Are overweight lines getting out of control?

Wyobee

Active Member
#76
I think swing weight has lot to do with stiffness, stiffer rods are going to transmit the force to the end of the more efficiently, the bend or flex is going to multiply the perceived force, via continued momentum, and multiply the weight. But that flex that is perceived as extra wieght is actually adding force to the fly line. To make up for the stiffness, and lack of flex, you actually have to move your arm faster, increasing its relative force and weight And from somebody who has elbow problems I can tell you moving your arm faster is more strain than moving your arm slower even if the rod itself is heavier. If only I hadn't been such a pot head in physics class I could show what I said in vectors of force and make you believe me even less.
 

Jeremy Floyd

fly fishing my way through life
#77
I think swing weight has lot to do with stiffness, stiffer rods are going to transmit the force to the end of the more efficiently, the bend or flex is going to multiply the perceived force, via continued momentum, and multiply the weight. But that flex that is perceived as extra wieght is actually adding force to the fly line. To make up for the stiffness, and lack of flex, you actually have to move your arm faster, increasing its relative force and weight And from somebody who has elbow problems I can tell you moving your arm faster is more strain than moving your arm slower even if the rod itself is heavier. If only I hadn't been such a pot head in physics class I could show what I said in vectors of force and make you believe me even less.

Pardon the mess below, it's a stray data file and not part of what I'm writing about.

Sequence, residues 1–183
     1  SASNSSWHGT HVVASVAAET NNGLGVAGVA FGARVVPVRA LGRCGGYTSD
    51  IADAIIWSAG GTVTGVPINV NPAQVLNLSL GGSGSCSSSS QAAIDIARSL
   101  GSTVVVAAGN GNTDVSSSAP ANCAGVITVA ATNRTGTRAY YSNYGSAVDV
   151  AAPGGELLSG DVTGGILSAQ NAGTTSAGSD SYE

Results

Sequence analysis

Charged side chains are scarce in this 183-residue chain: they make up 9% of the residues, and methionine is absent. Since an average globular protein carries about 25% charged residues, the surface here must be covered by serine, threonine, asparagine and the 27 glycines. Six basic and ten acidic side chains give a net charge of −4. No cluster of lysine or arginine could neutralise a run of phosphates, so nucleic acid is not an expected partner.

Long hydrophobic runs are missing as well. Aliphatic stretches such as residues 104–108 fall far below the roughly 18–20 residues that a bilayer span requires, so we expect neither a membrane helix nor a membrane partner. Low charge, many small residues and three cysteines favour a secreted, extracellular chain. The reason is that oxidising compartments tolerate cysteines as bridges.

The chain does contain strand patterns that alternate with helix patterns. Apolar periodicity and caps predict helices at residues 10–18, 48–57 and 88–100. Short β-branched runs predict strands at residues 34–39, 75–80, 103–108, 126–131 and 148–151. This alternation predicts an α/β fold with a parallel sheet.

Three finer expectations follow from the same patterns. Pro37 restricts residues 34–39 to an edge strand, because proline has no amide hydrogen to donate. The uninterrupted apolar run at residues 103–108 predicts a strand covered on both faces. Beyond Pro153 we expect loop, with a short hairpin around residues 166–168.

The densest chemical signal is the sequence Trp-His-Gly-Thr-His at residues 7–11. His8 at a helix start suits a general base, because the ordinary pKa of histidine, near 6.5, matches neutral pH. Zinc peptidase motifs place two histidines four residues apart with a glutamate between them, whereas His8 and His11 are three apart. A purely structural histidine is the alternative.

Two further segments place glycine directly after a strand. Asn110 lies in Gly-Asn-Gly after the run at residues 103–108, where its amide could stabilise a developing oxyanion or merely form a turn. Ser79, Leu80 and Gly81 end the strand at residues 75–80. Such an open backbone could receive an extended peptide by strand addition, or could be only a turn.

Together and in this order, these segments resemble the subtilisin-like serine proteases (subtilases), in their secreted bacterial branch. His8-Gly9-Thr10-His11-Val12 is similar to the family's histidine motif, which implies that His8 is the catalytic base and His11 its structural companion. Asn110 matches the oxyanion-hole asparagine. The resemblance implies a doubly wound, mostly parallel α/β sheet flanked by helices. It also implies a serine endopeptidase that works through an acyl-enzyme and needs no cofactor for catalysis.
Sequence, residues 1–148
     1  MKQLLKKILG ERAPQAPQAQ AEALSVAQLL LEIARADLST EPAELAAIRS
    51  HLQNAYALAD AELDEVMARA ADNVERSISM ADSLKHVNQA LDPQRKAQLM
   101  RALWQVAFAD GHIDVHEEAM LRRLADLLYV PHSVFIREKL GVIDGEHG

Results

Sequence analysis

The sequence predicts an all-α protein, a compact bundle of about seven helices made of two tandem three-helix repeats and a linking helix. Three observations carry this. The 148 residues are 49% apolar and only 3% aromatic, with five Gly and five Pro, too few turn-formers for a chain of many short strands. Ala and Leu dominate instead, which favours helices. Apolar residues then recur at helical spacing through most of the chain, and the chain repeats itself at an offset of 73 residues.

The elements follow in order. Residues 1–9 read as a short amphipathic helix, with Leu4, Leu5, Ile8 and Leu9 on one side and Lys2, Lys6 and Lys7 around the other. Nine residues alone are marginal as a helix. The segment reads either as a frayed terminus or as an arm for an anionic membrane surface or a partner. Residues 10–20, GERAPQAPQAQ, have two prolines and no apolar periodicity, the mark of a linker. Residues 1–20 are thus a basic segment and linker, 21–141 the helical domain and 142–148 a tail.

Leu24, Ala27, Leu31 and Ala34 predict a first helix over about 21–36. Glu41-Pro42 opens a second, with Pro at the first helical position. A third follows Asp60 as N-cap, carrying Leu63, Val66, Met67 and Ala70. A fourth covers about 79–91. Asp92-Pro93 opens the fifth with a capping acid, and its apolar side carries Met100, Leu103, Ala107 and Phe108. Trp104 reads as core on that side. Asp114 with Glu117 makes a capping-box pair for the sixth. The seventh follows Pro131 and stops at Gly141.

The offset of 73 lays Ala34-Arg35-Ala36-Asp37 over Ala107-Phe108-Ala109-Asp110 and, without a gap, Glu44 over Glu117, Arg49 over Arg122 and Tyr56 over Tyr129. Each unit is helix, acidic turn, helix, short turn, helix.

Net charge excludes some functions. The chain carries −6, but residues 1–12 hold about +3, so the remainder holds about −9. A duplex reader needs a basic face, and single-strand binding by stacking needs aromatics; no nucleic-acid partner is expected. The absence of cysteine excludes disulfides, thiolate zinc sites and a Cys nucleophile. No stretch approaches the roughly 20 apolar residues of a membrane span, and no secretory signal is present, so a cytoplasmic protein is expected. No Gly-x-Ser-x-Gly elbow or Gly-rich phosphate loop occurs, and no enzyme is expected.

The acceleration of the tip, by the deliberate and abrupt stop on the forward stroke, is what creates the real kinetic energy. It uncoils the lever to its max length, while snapping forward.
 

Porter

Active Member
#78
I've never been one to care much about weight in a fly rod but recently added a couple of Helios 3D six weights and they are so light its just mind blowing. Really makes a difference after a day on the sound making hundreds of casts.

I know swing weight is a different concept... These are just the first rods I've fished where I have really noticed the weight... Or lack thereof
9 footers?
 

Wyobee

Active Member
#80
The acceleration of the tip, by the deliberate and abrupt stop on the forward stroke, is what creates the real kinetic energy. It uncoils the lever to its max length, while snapping forward.